For the last twenty years, since my mid 20s, I have been supporting executive leaders of global corporations. I have therefore spent most of my time working with baby-boomers (leaders in their 50s and 60s) and Generation X (leaders in their 40s). Fortunately, for me, and their organisations, I have found most of these leaders to be hugely magnanimous, intelligent and worldly wise.
Yet, in the last few years, the rules of the game have been changing. Boundaries have blurred, technology has become omnipresent and hyper-dependency has continued to increase. And, so has the age and worldview of those leaders that are now shaping the game.
Two touch points come to mind. First, I have been exposed to fast-growing, young companies in China and South America, where the average age of employees is mid-twenty and where senior leadership is in their 30s. And second, in my role as chair of the WEFs Global Agenda Council on New Models of Leadership, I have come to know some truly inspiring Generation Y leaders who think and act very differently.
These next generation leaders are digital natives. Emails are old hat. They dont wear wrist-watches as it’s too analogue, and they are, in every moment, plugged into multiple social networks and online communities.
Their work ethic is also astounding. They are articulate and passionate, and I have caught myself on many occasions believing that the future will be bright in their hands.
However, I have also come to believe that we need to hand the future over to them with great care and attention. For I have also seen Generation Y too easily dismiss Generation X making what came before wrong . This is, in any context, a dangerous leadership trait, one that lacks respect, experience and ultimately wisdom.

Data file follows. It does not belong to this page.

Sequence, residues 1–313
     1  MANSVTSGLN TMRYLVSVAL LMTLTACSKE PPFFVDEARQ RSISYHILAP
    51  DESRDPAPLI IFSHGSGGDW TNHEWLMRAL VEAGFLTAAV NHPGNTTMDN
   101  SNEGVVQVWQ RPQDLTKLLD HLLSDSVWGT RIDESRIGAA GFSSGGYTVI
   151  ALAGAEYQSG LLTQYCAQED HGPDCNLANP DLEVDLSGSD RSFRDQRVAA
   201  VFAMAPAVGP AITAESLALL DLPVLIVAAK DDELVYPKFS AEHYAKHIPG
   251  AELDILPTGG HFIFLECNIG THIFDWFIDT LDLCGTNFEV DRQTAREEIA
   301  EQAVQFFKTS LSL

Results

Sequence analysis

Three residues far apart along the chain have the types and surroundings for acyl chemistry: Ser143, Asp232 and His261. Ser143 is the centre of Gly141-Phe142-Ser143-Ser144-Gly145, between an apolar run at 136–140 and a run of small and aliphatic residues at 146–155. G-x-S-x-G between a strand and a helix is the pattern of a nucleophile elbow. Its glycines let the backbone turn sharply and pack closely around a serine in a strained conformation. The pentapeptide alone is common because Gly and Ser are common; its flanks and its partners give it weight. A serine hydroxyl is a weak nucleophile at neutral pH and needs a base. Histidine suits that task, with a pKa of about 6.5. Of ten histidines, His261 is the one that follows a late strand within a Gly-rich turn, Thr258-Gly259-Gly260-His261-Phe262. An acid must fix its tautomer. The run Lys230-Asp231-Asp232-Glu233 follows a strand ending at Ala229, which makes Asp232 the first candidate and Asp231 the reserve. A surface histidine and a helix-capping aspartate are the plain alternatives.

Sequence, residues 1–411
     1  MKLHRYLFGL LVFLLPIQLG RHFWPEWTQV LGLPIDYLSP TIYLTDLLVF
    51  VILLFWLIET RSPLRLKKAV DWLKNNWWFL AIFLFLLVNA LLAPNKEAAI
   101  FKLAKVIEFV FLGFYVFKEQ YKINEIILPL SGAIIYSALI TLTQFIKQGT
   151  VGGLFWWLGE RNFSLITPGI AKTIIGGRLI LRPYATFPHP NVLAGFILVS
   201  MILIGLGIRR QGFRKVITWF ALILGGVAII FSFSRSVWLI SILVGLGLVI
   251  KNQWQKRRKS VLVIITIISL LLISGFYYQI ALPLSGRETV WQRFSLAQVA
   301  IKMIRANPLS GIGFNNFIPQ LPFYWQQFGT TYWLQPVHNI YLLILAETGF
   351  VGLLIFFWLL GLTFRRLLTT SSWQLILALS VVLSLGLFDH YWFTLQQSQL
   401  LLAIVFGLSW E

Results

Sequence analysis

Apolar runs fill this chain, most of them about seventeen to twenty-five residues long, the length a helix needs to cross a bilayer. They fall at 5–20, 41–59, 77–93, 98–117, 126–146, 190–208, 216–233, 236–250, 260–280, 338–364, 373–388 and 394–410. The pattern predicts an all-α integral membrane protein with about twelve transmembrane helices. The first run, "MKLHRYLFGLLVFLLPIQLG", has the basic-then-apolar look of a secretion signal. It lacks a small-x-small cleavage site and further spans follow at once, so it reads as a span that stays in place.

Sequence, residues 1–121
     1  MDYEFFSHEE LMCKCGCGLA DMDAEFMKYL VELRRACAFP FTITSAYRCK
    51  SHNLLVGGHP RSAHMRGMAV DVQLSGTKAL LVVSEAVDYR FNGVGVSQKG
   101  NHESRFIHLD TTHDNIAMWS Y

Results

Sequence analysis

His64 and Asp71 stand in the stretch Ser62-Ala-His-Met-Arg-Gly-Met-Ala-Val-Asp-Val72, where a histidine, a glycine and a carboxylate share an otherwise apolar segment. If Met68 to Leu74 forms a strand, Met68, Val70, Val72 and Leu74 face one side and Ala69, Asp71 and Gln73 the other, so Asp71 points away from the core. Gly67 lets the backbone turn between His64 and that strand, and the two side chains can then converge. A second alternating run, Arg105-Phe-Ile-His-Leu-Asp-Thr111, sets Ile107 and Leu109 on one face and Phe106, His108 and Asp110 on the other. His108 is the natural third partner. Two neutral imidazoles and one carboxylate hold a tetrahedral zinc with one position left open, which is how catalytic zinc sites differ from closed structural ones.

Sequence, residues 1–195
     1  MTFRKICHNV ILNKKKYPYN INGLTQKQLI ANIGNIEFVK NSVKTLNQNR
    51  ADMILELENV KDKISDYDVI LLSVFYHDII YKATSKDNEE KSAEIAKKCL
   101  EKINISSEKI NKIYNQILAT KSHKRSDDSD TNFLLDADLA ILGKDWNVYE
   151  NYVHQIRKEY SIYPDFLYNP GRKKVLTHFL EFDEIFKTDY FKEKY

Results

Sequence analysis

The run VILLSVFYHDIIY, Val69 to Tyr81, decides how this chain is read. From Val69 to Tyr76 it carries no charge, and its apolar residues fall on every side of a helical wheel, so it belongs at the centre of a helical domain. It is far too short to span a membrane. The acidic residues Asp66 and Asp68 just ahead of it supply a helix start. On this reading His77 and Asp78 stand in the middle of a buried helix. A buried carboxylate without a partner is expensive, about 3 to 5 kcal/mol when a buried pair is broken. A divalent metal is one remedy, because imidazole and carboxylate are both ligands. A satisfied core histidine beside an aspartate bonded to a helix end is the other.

So while they think differently, in ways that are more diverse, inclusive and networked; they can also be less contactful, even individualistic (in spite of being part of many digital mobs and creative commons). And like the digital worlds they inhabit, they have come to expect immediacy. This means that they sometimes lack patience and are unable to work with ripeness, timing and, moreover, unintended consequences. Of course the danger of saying this is that it comes across as hugely patronising a trap that Generation X is often accused of falling into.
One of the big questions of our time, therefore, is how we help Generation Y become unimaginably wise despite the fact we have lost a large amount of their trust. While their naivety is beautifully unencumbered, and their brightness is truly infectious, and they have a creative fire within them that wants to change the world, this next generation of leaders sometimes lack an unimpeded understanding that helps them listen deeply to life.
Unfortunately, I dont yet feel resourced to answer the question of how we might help. A few clues are just beginning to emerge. Yet it is an important creative dilemma we now need to face into, in business, and in society at large for wisdom only comes from experience, and yet arguably it is our experience that is now in our own way.
Dr Nick Udall is co-founder and CEO of nowhere and the author of Riding the Creative Rollercoaster (published by Kogan Page).